When placing women, water and diplomacy in the same sentence, often enough the link among them is not easily or well understood. Because, both terms can be seen as an asset in the Middle East region. Both can be bought as an asset or at least the main victims of the water scarcity in the world are women.
In 2017, the UN Security Council organized a briefing meeting on Preventive Diplomacy and Transboundary Waters emphasising the role of water diplomacy and cooperation in conflict prevention. This illustrates that the growing imbalance in global water supply and demand leads to tensions and conflicts and could potentially evolve into a widespread threat to international peace and security. Relatedly, water crises ranked as a top global risk in the 2020 World Economic Forum Report. At the same time, water deprivation is increasingly seen as a fundamentally political and security problem, and not confined only within the realms of human development and environmental sustainability.
When we look at the role of women in water diplomacy related decision-making; it has been underestimated, despite the acknowledged essential role of women in peacebuilding, conflict management and sustaining security even though it was reaffirmed by the landmark United Nations Security Council Resolution 1325 on Women, Peace and Security (adopted on 31st October 2000) and by the eight resolutions on the issue adopted thereafter.
Having said this, the situation in the Middle East and North Africa (MENA) region is no different, where gender inequality concerns have traditionally taken a back seat to the “larger” or “more urgent” issues of civil wars, foreign interventions, unemployment, corruption, and authoritarianism. It will not be exaggeration if I use the statement that I already used during an interview called ‘The climate conversation: Gender equity and climate change’ with the UK’s first women entrepreneurship magazine, March 8, last January that “worldwide, women and girls spend an estimated 200 million hours – daily – collecting water. This is a gigantic waste of valuable time. Just imagine – those 200 million hours add up to 8.3 million days, or more than 22,800 years. In a hypothetical scenario, it’s as if a woman started to walk with her empty bucket in the Stone Age and didn’t reach home with any water until 2022.”
As an example, in Egypt with its neighbours over access to the Nile and plans for a giant hydroelectric dam in Ethiopia, women have been suffering and that have sparked regional tensions over restrictions to shared water supplies. In Syria, during civil war, water becomes a tool in the hands of fighting parties. It becomes a weapon of war. And it is civilians who suffer the most. Therefore, access to water in Middle East should be unconditional. The weaponization of water over so many centuries have obviously led to the situation now – where it just seems so much more extreme.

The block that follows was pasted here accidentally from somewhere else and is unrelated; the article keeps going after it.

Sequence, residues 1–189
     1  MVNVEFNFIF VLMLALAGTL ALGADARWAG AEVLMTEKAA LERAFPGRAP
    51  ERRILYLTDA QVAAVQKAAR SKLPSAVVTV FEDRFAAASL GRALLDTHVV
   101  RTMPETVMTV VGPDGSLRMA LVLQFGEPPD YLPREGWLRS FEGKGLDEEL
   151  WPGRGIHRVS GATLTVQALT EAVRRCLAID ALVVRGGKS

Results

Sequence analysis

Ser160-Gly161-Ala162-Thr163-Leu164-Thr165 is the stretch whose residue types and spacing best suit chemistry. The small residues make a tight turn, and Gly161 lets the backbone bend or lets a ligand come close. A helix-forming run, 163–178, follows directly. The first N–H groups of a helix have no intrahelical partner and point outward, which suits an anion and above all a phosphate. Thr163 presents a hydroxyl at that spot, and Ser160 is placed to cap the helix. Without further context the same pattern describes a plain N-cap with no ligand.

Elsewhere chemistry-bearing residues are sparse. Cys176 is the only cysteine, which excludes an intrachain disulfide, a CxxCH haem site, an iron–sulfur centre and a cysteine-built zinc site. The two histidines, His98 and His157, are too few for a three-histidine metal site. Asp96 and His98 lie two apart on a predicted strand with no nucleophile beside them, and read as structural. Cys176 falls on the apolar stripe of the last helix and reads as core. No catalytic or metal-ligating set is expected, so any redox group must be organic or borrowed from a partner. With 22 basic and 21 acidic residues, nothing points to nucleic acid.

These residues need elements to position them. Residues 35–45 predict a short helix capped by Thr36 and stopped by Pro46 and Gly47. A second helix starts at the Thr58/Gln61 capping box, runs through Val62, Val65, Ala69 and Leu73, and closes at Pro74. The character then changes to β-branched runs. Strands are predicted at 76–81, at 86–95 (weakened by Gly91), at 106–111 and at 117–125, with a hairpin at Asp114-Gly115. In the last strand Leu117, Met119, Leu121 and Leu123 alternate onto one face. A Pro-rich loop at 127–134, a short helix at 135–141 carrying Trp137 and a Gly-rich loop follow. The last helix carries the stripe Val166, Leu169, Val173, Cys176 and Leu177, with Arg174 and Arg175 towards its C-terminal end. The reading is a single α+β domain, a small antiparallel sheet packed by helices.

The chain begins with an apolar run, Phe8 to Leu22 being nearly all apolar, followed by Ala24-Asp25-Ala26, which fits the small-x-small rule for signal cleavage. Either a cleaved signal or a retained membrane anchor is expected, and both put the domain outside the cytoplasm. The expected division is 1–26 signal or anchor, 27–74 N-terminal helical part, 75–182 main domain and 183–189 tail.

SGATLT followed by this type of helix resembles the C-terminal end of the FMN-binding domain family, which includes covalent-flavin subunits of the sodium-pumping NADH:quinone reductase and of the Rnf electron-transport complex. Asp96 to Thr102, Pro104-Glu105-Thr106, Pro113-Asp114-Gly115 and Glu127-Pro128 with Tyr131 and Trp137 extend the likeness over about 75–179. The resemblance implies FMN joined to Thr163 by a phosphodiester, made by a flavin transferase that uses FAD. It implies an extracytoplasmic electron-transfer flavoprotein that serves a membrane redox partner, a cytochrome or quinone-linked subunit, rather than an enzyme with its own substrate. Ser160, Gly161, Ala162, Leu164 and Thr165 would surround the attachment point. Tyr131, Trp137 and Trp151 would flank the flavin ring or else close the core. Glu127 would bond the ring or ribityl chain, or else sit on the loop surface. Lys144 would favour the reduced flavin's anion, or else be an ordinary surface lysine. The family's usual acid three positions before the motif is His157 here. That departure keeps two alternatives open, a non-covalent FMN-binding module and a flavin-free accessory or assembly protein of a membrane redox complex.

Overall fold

Relatedly, women’s contribution to water management and effectively usage of it is clearly fundamental. In order to promote the entry of women in this sector, several international conferences have been held, highlighting and making internationally known the importance of women as leaders, experts and mediators in the equitable access to water for all uses. Notable examples include the United Nations Water Conference in Mar de Plata (1977), the International Drinking Water and Sanitation Decade (1981-90) and the International Conference on Water and the Environment in Dublin (1992). NASA’s research in 2019 justifies concerns that drinking water is declining in the Middle East and that some countries will face water shortages in the future. The World Bank also warned at the climate summit in Egypt last year that water shortages could become a major problem in parts of the Middle East and North Africa in the coming years.
‘The need for more women in water diplomacy is universal.’ This was the crucial statement during the first-ever Women in Water Diplomacy Network Leadership Council and Nile and Beyond Strategy launch event hosted by the Swedish Embassy in Pretoria last year. During this workshop, we, as a women representative, with the stakeholders, representing government institutions, civil society organisations, private sector and academia, delved into the key findings of Women & Water Diplomacy in the Middle East and North Africa: A Comparative Study of Egypt, Jordan, Lebanon, Morocco and Palestine.
In terms of next step on water diplomacy and women empowerment, building women change hubs in MENA region and educating women on water usage and scarcity are the key points. Less fortunate women should be enlightened on the growing imbalance in global water supply and demand leads to tensions and conflicts and could potentially evolve into a widespread threat to international peace and security.
To sum up, for water diplomacy to bear fruits, the inclusive participation of all stakeholders in the process is an absolute must, including women.